Microsoft Identity Lifecycle Manager "2:" What is it about Canadians and identity?

A startling proportion of our team, including myself, are Canadians, either by birth, or, like me, by naturalization.  Also, two of the products that Microsoft purchased and are now incorporated into Microsoft Identity Lifecycle Manager “2”–the synchronization engine that used to be marketed by itself as Microsoft Identity Integration Server 2003, and the smart card management solution acquired from Alacris–were both developed by Canadian companies.  Alacris was based in the Canadian capital, Ottawa, which has always been a computer technology hub in that country–Corel is based there, and Cognos, among many other of the biggest software companies in the nation.  The synchronization engine, my colleague Sorin Iftimie, another Canadian expatriate tells me, was born in Toronto.  Anyhow, you can’t toss a football down our corridors–as some folk have been known to do–without hitting at least a couple of hapless Canadians. 

So what is that all about?  Well, I recall that, at least when I was doing post-graduate studies in sociology at McMaster University in Hamilton, Ontario, Canada, in the late ’80s and early ’90s, there was much discussion about how Canadians lacked a common identity–anything substantive that they cherished together as Canadians, especially beliefs and aspirations.  A notion that was already well-established at the time was that whereas the United States of America had been a melting pot of immigrants who came from diverse backgrounds but ended up practicing the same culture, Canada was a mosaic.  At first glance, the largest distinct pieces of the mosaic would be English Canadians and French Canadians, but I believe it is true that among French-speaking Canadians, there are at least two distinct identities, that of the Quebecois, and that of the Acadians.  Frankly, among English-speaking Canadians, it really is hard to discern a common sense of identity among them at all, except perhaps that of being huddled in the cold North, away from “the Americans,” and generally being open and accepting to everyone except pedophiles (or at least those that don’t respond well to treatment).  Even an interest in ice hockey is not a given.  My wife, who is a native-born east-coast Canadian, whose Canadian heritage extends further back than anyone in her family knows, has never watched a complete hockey game in her life–because hockey is just not a big deal where she comes from.  (Hunting is another matter, although she hasn’t shot anything either, except perhaps me, a few times, in fond daydreams.)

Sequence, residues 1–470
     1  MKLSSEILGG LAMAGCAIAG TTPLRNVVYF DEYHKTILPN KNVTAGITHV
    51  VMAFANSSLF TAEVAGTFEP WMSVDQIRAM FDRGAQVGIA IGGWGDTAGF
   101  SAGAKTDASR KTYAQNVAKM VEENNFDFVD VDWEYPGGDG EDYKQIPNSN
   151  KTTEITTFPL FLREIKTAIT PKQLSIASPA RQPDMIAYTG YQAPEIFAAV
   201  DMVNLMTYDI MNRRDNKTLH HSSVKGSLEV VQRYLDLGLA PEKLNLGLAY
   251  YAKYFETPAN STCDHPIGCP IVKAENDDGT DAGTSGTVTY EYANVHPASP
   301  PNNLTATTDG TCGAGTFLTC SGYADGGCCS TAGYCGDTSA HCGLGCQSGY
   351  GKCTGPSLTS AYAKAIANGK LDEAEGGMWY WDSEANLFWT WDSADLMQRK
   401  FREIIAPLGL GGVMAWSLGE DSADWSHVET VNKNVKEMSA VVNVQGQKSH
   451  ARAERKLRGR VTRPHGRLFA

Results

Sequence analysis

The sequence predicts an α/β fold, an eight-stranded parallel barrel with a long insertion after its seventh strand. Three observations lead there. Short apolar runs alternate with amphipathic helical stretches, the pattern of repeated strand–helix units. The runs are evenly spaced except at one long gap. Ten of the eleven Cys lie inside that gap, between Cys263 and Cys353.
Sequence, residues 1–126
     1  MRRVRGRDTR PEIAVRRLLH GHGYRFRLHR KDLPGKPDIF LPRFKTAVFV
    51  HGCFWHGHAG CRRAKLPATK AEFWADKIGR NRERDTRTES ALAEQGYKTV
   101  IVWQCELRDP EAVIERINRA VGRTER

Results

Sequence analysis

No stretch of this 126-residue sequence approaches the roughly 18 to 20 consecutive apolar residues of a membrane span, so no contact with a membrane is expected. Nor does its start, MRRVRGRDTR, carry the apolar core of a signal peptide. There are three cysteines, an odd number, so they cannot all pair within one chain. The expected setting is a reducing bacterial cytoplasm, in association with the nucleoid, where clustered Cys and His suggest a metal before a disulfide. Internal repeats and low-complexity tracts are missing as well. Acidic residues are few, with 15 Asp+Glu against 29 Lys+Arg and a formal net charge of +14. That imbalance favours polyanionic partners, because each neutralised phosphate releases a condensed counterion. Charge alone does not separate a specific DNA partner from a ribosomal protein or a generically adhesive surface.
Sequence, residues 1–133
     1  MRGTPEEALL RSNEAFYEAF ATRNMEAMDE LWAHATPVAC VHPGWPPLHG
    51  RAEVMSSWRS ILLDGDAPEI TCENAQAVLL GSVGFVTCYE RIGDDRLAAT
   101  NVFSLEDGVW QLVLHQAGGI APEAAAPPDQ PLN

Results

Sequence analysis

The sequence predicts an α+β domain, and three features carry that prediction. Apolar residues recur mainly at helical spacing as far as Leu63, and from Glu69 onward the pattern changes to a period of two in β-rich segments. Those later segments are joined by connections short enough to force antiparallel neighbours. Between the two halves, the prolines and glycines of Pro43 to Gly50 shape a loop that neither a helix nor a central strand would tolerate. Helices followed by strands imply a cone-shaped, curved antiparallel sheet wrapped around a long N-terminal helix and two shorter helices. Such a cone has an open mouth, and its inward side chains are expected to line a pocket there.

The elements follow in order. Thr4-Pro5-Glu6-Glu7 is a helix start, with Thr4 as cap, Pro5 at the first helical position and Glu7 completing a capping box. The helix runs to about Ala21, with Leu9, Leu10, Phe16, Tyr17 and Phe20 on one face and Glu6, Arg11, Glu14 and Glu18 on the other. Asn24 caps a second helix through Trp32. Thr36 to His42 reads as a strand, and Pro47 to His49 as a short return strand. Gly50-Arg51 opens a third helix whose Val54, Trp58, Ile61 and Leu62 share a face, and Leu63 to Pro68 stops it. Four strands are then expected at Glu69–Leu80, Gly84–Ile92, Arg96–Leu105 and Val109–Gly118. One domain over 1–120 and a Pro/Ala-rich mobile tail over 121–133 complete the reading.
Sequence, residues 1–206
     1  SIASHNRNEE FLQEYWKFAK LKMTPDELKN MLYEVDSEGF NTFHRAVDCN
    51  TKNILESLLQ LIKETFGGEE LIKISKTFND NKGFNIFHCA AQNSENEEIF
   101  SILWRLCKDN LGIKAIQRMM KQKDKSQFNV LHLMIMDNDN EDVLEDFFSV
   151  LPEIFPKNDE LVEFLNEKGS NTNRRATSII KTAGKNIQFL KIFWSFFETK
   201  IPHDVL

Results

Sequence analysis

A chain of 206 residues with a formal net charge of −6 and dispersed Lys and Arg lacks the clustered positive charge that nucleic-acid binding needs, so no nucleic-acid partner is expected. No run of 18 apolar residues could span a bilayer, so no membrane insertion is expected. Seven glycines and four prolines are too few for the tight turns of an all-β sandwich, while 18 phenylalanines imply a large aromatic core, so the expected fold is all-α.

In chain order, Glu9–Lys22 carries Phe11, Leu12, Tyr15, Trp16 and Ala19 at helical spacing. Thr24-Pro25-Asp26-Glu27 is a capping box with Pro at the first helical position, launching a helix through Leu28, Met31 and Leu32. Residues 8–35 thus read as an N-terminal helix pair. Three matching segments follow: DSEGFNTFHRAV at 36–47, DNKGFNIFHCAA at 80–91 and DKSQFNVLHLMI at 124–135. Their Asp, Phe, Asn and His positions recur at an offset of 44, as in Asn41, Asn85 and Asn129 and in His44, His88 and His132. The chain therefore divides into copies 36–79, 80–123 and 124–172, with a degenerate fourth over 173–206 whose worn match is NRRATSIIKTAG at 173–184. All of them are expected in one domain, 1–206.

Anyhow … here we have a team focused on the problem of identity and a ridiculous preponderance of Canadians working on it–people who, historically and culturally, have none, and feel the lack of it.